The Sordid History of Racial Hoaxes

The faked acid attack in Vancouver, Wash., was just the latest in a long line of lies that play on racial fears. The unusual twist: blaming a black woman.

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No one knows why Bethany Storro decided to mutilate her own face with acid late last month. Obviously deeply troubled, she was sane enough to make a calculated decision to maximize sympathy and deflect suspicion. She blamed it on a black person.

And the fake acid attack became the latest twist on a tactic as old as America itself, one that plays into every long-held stereotype of black folks as criminal and violent: the racial hoax. The racial hoax "plays into long-standing fear and part of American folklore, that the main victims of blacks are white women," says Adrian Pantoja, a political scientist at Pitzer College in California who specializes in American racial attitudes. "It’s very strategic because they know they will get the most attention if they claim the perpetrator is black." 

The election of a black president has made the racial hoax no less potent, Pantoja says. "Clearly we have not gone beyond race," he says. "The idea of fearing the other, of the fear of blacks, it is going to take a long time for us to rid ourselves of those stereotypes. This fear has been perpetuated by media and these types of allegations."

Storro, a 28-year-old Vancouver, Wash., resident, told police that a black woman approached her, saying, "Hey, pretty girl, would you like drink of this?" and then flung a cup of acid in her face. Storro described the black woman as having a look of jealousy and rage.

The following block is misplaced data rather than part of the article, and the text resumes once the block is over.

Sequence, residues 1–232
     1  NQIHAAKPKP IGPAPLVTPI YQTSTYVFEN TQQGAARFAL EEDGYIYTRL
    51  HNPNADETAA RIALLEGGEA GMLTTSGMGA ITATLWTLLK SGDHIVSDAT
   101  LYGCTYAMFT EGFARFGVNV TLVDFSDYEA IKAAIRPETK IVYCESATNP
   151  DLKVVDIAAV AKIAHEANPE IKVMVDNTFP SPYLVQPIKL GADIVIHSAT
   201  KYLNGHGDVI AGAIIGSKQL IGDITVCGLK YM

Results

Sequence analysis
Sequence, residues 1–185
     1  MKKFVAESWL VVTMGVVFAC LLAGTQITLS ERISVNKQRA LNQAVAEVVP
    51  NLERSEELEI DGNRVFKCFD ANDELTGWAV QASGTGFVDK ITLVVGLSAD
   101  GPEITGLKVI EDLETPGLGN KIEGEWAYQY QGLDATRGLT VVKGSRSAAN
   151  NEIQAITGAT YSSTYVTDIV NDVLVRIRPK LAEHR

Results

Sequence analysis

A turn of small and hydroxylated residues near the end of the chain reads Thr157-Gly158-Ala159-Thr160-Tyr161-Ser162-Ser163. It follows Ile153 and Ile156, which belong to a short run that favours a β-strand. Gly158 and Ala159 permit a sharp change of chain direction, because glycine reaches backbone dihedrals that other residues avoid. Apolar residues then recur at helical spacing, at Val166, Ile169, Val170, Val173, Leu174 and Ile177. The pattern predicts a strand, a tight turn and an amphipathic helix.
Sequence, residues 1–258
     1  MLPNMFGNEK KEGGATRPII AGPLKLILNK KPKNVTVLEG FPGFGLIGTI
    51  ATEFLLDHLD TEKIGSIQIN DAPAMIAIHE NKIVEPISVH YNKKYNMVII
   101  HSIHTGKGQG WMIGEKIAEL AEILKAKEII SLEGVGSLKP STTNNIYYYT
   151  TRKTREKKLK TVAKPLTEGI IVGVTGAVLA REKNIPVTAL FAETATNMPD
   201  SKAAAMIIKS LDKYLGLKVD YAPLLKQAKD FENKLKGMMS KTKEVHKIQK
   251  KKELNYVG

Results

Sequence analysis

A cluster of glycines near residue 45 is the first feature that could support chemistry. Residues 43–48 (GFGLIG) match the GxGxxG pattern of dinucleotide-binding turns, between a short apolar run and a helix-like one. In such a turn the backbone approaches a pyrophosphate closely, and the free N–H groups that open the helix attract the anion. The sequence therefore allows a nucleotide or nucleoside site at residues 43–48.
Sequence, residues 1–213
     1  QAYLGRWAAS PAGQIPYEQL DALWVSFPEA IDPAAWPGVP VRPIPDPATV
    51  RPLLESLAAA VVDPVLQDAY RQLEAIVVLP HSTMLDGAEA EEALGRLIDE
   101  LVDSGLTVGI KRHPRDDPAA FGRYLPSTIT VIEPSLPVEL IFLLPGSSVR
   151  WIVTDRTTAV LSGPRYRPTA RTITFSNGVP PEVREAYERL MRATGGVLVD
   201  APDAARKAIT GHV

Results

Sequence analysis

Media outlets across the country, and then across the world, picked up the story of the  cute young woman whose cream-colored face had been disfigured by some crazed, angry, anonymous black woman. They followed her as she underwent surgery. Oprah called. (The appearance was later canceled.) 

The police, as in many of these cases, were skeptical from the start. But little could be done to contain the tide once the media, and the collective imaginations of white America, got ahold of it.  

The Columbian, the daily newspaper that broke the story, turned off comments to its site as they became openly racist, and white supremacists staked out the page. Commenters called the alleged attacker a savage beast who deserved the death penalty. Someone said the black woman attacked Storro because of a "lifetime of hostility and resentment" toward a woman who is "white and pretty."Another person suggested the attacker should "fear for her life." These were some of the gentler comments.

Random black women who met the very vague description were stopped and questioned. Money for the victim poured in, and fundraising fliers posted around the 83 percent-white Vancouver called on the community to "help one of our own." When a few bloggers and online commenters and, later, some mainstream media questioned the credibility of Storro’s story, they were attacked for even raising a doubt.

It’s a tactic used by white women that once had black men swinging from trees and led to the writing of the renowned book To Kill a Mockingbird. White men and women seeking to cover up crimes and misdeeds have used the same ploy more recently. The most infamous cases include Charles Stuart, who created a fictional black man to cover up the murder of his pregnant wife in 1989, and Susan Smith, who directed attention to a black male carjacker after she killed her two children in 1994.

In 2003 a man came to a bank with a bomb tied around his neck, claiming that a group of black men had planted the bomb on him. He and some of his white friends had planned the whole thing. In 2008 a John McCain supporter carved the letter B into her forehead and blamed a black man. And last year, Bonnie Sweeten, a white woman, told police she and her daughter had been abducted by two black men in a Cadillac to cover up a trip to Disney World.

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